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This violin is a gift!

For children in under-served communities across the world, it’s a lifeline

A path towards excellence and a gateway to possibilities beyond imagination

The latest technologies meet the art of Stradivari and 500 years of violin-making tradition

Upcycled materials transform into conservatory-quality instruments in the hands of recipients

It will touch the lives of thousands.



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When children play string instruments together, science and math scores go up, communication improves, violence goes down and the social health of communities improve.


The Open String works with established music programs in under-served areas worldwide to provide essential instruments for children to play music.

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Advanced technologies and manufacturing techniques make fine instrument production accessible locally.


The Open String makes it possible for communities to create conservatory quality instruments for themselves.

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Distributed manufacturing allows music programs to make their own instruments.


The Open String creates a platform of creative autonomy for children and their communities.

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Communities use repurposed, recycled and responsibly harvested materials to create exceptional instruments.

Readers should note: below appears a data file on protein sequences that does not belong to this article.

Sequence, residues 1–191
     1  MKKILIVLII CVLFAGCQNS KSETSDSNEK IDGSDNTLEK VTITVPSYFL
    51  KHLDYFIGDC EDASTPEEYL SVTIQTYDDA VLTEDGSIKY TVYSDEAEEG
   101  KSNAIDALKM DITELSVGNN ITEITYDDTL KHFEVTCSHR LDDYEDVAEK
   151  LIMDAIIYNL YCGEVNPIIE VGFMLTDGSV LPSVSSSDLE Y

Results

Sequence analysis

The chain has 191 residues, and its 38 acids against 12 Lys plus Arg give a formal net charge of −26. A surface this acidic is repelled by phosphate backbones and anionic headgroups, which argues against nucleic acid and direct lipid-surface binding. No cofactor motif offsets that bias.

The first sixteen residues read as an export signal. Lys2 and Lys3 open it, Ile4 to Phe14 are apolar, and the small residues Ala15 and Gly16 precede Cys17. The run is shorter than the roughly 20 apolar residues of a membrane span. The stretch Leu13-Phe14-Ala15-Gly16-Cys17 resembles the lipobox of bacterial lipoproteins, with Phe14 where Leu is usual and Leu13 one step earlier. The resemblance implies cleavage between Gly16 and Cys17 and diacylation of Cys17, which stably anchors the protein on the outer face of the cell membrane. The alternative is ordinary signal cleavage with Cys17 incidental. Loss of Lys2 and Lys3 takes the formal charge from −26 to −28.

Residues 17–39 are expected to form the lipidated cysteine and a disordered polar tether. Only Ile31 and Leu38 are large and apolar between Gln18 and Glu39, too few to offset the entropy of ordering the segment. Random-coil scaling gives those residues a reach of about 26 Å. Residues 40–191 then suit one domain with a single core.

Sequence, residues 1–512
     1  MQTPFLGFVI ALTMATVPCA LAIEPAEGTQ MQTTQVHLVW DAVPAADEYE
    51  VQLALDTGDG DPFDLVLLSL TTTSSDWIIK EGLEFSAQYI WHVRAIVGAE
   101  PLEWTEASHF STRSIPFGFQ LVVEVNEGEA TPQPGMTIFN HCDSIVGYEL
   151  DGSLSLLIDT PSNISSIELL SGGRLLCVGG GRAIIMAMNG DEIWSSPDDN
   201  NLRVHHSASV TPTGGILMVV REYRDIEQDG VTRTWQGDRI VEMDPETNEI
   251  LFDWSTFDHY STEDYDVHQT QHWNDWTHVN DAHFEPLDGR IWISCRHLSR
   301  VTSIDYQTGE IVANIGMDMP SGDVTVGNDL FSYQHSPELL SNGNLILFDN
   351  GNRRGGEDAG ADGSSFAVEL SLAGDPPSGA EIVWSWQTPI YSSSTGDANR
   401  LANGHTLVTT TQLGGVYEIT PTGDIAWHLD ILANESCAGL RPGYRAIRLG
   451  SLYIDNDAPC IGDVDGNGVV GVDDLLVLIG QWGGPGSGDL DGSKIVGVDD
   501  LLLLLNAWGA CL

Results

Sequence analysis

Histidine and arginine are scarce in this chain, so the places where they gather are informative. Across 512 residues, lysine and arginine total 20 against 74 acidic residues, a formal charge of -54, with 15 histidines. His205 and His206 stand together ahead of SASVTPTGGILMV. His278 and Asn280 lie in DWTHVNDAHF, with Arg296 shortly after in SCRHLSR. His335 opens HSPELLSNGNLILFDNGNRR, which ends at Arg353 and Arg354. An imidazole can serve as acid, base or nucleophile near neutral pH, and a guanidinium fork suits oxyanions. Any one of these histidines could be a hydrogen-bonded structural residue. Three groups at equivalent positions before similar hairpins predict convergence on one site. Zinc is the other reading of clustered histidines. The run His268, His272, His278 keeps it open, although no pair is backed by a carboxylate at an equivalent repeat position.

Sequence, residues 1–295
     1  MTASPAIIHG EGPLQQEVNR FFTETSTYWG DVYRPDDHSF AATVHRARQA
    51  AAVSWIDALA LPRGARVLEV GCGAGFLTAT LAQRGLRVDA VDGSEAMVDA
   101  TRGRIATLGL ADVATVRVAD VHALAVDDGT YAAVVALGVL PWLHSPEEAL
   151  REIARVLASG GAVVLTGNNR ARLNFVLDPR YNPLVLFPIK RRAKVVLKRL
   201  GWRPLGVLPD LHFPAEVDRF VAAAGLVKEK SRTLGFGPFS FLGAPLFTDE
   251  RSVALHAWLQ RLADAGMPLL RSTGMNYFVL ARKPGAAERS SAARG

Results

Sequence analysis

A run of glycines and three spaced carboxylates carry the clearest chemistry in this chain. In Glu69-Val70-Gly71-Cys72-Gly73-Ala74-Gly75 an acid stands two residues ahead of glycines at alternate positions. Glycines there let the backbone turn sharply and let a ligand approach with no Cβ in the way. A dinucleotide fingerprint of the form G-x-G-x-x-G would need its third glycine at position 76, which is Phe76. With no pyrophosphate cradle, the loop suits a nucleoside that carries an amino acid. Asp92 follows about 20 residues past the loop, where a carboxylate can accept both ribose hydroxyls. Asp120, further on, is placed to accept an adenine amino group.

The Open String approach to instrument making can carry on for generations and create greater health for communities and their environment.



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Antonio Stradivarius 'Braga' Violin

The Antonio Stradivarius 'Braga' violin on which our instruments are modelled

In the 1990’s, Robert Brewer Young was a violin maker’s apprentice in the studios above Carnegie Hall. He founded The Open String by offering free bow rehairs and instrument repairs to blind musicians playing on the streets and subways of New York. Aware of the importance of music for community life, he expanded his assistance to various music programs around the city, breathing a new life into their broken instruments. When a flood in East Harlem damaged instruments in Robert Gasparri’s music program, he was around to recover and restore them. Gasparri’s students would later perform on those instruments in Carnegie Hall with Isaac Stern.


The Open String expanded and started to provide support to the Blind School in Calcutta and musicians in Sarajevo who were performing throughout a time of war. By organising international donations of instruments, strings, and fittings for players performing in harsh conditions, Robert realised that a simple gesture like collecting strings from other violin shops and sending boxes of supplies to these destinations had an impact which was transformative for a community.


In Argentina, The Open String offered support to the Orchestra Ludueña, where over 150 children living in an underprivileged neighbourhood make music together. In San Francisco, it supported three thriving music programs for the children of recent immigrants of Central and South America. In the Philippines, donations of supplies and instruments were combined with an instrument repair course.


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There are well-established, effective music programs, orchestras and motivated music teachers around the world. What is lacking are high quality instruments for students.

Our goal is to help communities make hundreds of conservatory-standard violins, allowing music education at the highest level to be a part of their everyday lives.


With the support of the Cambridge Department of Engineering, we have developed advanced technologies that combine with traditional violin making to create fine instruments based on Antonio Stradivari’s c.1726 ‘Braga’ violin.

The children themselves are involved in the final stages of crafting their own instruments, giving them a personal connection to the violin.



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